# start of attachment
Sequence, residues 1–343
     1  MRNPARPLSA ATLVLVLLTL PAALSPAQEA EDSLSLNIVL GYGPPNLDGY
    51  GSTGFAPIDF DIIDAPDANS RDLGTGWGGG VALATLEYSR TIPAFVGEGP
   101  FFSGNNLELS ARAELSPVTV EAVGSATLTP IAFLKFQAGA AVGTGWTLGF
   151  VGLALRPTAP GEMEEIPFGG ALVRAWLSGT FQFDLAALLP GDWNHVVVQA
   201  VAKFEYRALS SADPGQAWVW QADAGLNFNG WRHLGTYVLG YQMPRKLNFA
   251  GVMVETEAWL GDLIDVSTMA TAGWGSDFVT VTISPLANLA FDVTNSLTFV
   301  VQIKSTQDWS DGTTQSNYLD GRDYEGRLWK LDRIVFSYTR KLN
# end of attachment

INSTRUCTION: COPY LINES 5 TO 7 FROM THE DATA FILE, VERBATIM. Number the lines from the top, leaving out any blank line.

   151  VGLALRPTAP GEMEEIPFGG ALVRAWLSGT FQFDLAALLP GDWNHVVVQA
   201  VAKFEYRALS SADPGQAWVW QADAGLNFNG WRHLGTYVLG YQMPRKLNFA
   251  GVMVETEAWL GDLIDVSTMA TAGWGSDFVT VTISPLANLA FDVTNSLTFV